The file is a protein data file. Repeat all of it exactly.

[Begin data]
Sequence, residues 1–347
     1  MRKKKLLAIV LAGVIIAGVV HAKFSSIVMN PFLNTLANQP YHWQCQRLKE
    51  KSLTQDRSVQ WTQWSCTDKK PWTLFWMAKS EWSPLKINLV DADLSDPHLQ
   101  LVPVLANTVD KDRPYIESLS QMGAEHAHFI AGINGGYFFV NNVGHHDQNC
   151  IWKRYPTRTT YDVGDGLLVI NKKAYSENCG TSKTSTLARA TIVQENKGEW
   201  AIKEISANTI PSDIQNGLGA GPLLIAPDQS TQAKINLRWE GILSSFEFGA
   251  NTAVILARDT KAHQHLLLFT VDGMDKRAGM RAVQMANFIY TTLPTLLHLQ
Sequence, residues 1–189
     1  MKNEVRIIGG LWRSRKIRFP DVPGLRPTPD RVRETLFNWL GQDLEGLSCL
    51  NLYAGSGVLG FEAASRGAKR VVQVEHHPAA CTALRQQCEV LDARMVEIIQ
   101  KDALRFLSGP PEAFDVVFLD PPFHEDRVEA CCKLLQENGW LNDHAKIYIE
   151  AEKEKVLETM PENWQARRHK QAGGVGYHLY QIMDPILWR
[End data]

Sequence, residues 1–347
     1  MRKKKLLAIV LAGVIIAGVV HAKFSSIVMN PFLNTLANQP YHWQCQRLKE
    51  KSLTQDRSVQ WTQWSCTDKK PWTLFWMAKS EWSPLKINLV DADLSDPHLQ
   101  LVPVLANTVD KDRPYIESLS QMGAEHAHFI AGINGGYFFV NNVGHHDQNC
   151  IWKRYPTRTT YDVGDGLLVI NKKAYSENCG TSKTSTLARA TIVQENKGEW
   201  AIKEISANTI PSDIQNGLGA GPLLIAPDQS TQAKINLRWE GILSSFEFGA
   251  NTAVILARDT KAHQHLLLFT VDGMDKRAGM RAVQMANFIY TTLPTLLHLQ
Sequence, residues 1–189
     1  MKNEVRIIGG LWRSRKIRFP DVPGLRPTPD RVRETLFNWL GQDLEGLSCL
    51  NLYAGSGVLG FEAASRGAKR VVQVEHHPAA CTALRQQCEV LDARMVEIIQ
   101  KDALRFLSGP PEAFDVVFLD PPFHEDRVEA CCKLLQENGW LNDHAKIYIE
   151  AEKEKVLETM PENWQARRHK QAGGVGYHLY QIMDPILWR